Dutch immigrant family: ‘We looked at each other and realized the house was hit’
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Dutch immigrant family: ‘We looked at each other and realized the house was hit’

The Reijnens from Holland were inside when rocket struck their kibbutz home; in Rehovot, soccer game disrupted as 10-year-olds drop to the ground amid wailing rocket sirens

Raymond and Mirjam Reijnen and their three young children, immigrants from the Netherlands, whose home in the Sha'ar Hanegev Regional Council was struck by a rocket fired from Gaza on May 4, 2019. (Facebook)
Raymond and Mirjam Reijnen and their three young children, immigrants from the Netherlands, whose home in the Sha'ar Hanegev Regional Council was struck by a rocket fired from Gaza on May 4, 2019. (Facebook)

The Reijnen family arrived in Israel from the Netherlands shortly after the 2014 Gaza war, and chose to live in one of the villages in the Sha’ar Hanegev Regional Council, adjacent to the Gaza Strip.

On Saturday, the family — parents Raymond and Mirjam and their three young children — stayed close to home in their kibbutz “because of all the sirens,” and so were safely ensconced in their bomb shelter when it was struck by a rocket from Gaza.

“We were in the bomb shelter. The kids were playing, and suddenly there was another ‘Code Red’ [siren], and we heard the rocket hit. It was very loud and closer than usual, and the electricity went out. We looked at one another and realized that the house was hit, actually hit,” Mirjam told Channel 12.

She recounted: “We heard lots of things breaking around us, and we just waited in the shelter for instructions from the kibbutz. The security officer [of the kibbutz] came to the house to see what had happened.”

Inside the home of the Reijnen family in the Sha’ar Hanegev Regional Council after it was struck by a rocket fired from Gaza on May 4, 2019. (Courtesy Sha’ar Hanegev Regional Council)

After they left the shelter, they surveyed the destruction in their home.

“It was hard to breathe, dust was everywhere and a lot was broken. We left the house and haven’t returned. I still don’t know what was destroyed. It was all black and dusty,” said Mirjam.

The family moved in with neighbors for the time being as they begin to assess the damage.

Asked if they regretted the decision to move to a kibbutz so close to the Gaza border, Mirjam said, “We don’t even think about leaving our home. This is our home… We’re more angry, it’s frustrating. This whole situation doesn’t look like it’s going to end — it will end and then start up again. The kids were very frightened, but now they’re okay.”

On Sunday, Raymond Reijnen told Army Radio that the kibbutz had been hit by rockets several times since they moved there, but that this was the first time a home had sustained a direct hit. He noted with dry good humor that “they don’t fire rockets at people” in Holland, but said the family would not be deterred from living where they do. After all, he remarked, the chances of being hit twice were pretty slim.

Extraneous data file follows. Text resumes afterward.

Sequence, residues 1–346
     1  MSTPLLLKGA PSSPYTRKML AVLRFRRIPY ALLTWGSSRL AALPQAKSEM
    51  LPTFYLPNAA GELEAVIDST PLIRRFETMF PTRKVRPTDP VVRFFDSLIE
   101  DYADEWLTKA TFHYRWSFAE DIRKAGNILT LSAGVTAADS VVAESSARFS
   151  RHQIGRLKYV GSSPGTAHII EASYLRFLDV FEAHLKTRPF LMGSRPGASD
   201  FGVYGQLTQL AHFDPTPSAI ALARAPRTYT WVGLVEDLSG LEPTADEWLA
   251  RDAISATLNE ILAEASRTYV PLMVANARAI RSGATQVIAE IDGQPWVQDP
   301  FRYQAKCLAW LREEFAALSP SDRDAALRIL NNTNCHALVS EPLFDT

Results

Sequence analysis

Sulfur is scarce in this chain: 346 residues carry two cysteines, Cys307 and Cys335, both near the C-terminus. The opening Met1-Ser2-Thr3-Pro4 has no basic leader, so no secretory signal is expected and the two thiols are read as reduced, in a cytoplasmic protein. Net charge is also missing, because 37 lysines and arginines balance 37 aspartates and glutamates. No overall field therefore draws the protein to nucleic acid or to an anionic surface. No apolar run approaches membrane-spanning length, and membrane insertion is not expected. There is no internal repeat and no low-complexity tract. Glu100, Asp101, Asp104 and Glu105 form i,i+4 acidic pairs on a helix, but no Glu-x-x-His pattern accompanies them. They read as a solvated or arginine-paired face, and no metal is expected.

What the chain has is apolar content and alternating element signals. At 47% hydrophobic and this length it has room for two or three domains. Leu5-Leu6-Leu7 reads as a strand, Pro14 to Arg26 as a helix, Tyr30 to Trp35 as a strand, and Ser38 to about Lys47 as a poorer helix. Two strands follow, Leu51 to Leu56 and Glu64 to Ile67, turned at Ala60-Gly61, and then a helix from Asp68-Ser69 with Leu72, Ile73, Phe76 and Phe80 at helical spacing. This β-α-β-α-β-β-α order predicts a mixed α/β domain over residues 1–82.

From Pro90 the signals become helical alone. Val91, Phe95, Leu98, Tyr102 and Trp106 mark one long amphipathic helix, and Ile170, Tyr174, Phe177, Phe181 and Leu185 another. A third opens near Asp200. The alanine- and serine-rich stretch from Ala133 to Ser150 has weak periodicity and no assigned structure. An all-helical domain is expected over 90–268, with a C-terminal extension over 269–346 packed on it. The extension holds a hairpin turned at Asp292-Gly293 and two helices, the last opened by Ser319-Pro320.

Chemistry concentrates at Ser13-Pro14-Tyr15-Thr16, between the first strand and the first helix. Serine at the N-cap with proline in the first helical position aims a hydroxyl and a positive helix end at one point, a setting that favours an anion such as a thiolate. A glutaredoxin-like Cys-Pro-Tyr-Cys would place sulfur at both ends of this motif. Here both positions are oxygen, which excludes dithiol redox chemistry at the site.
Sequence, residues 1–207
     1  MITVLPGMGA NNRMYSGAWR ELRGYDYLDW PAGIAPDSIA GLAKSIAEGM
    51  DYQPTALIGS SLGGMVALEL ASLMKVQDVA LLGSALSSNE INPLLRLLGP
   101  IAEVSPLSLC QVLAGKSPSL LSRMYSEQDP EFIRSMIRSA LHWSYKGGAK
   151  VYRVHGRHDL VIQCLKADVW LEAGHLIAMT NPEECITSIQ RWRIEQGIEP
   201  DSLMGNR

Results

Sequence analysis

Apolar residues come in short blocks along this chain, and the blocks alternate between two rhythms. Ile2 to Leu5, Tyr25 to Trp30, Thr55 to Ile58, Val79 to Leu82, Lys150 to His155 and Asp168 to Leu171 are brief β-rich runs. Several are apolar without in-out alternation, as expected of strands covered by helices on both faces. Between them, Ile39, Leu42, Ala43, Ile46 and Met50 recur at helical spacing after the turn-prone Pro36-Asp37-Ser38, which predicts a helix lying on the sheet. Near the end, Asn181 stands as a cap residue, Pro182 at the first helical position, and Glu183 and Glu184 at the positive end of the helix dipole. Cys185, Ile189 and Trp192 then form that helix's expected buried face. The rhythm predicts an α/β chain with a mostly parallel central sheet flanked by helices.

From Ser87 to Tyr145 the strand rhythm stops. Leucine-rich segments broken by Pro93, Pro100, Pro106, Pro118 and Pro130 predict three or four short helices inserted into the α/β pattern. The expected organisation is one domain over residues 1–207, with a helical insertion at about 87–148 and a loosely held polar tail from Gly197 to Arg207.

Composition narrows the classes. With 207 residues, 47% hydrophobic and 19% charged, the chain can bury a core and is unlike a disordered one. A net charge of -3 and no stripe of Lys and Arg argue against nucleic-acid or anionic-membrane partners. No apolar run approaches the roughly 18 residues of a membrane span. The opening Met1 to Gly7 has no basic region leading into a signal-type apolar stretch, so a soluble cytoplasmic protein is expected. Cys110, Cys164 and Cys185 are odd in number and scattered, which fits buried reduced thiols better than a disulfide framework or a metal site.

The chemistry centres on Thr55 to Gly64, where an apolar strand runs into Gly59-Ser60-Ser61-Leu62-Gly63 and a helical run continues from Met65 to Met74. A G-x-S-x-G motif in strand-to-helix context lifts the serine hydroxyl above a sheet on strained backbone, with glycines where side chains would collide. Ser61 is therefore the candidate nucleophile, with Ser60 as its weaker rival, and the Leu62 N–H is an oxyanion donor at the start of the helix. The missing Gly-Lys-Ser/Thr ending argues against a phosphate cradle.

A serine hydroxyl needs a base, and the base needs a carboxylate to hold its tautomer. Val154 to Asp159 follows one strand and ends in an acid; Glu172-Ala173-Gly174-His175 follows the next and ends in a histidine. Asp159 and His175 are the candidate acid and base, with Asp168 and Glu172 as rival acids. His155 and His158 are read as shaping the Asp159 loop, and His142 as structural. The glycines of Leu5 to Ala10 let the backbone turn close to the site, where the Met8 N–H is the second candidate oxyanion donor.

“That’s the beauty of this neighborhood. Everyone sympathizes with each other, everyone is there for each other,” Raymond told a Dutch media outlet. “Shortly after the attack I said: ‘I would like a beer now.’ Five minutes later a neighbor stood in front of me with a beer. How crazy that is.”

The Reijnens are among dozens of Israeli families whose homes suffered damage on Saturday, in an escalation of rocket fire from Gaza that killed one Ashkelon man and left an elderly Kiryat Gat woman in serious condition.

Without shelters

Separately, children were caught on camera lying down in the center of a soccer field with no protection on Saturday morning, as sirens blared in the central city of Rehovot warning residents of an incoming rocket attack.

The group of children, aged 10 and 11, were playing when the siren started wailing throughout the city.

“Suddenly there was a siren and the children had to lie on the ground,” said parent Dmitry Semyonov.

Semyonov’s sons said they weren’t frightened, but just wanted to get on with the game. “We were not afraid of the alarm, we just wanted to keep playing,” Mishel and Niki told the Ynet news outlet.

Many older buildings do not have shelters, and residents have to either run for public shelters or lie on the ground and try to protect themselves.

“We heard a siren. We hadn’t managed to get out of the house when we heard a loud boom and the windows shook,” Ashkelon resident Osnat Yopin-Shriki told Channel 12 news. “I live in an apartment without a shelter and we do not have a public shelter nearby, so we just lay down on the floor and covered our heads.”

A security barrier is set up around a crater caused by a rocket strike on the southern Israeli city of Ashkelon near the Gaza border, on May 5, 2019. (Jack Guez/AFP)

“There are disabled people here and small children who spend sleepless nights,” she said. “Something must be changed.”

Nofar Margalit told the outlet she and her family left their home in a Gaza border community as it doesn’t have a safe room, and went to Ashkelon, which was also targeted by rockets on Saturday.

“We are fleeing not to a better place — to Ashkelon — but with all the explosions, it’s preferable to being in a house without a shelter,” she explained. “It was a crazy morning, it’s unbearable.”

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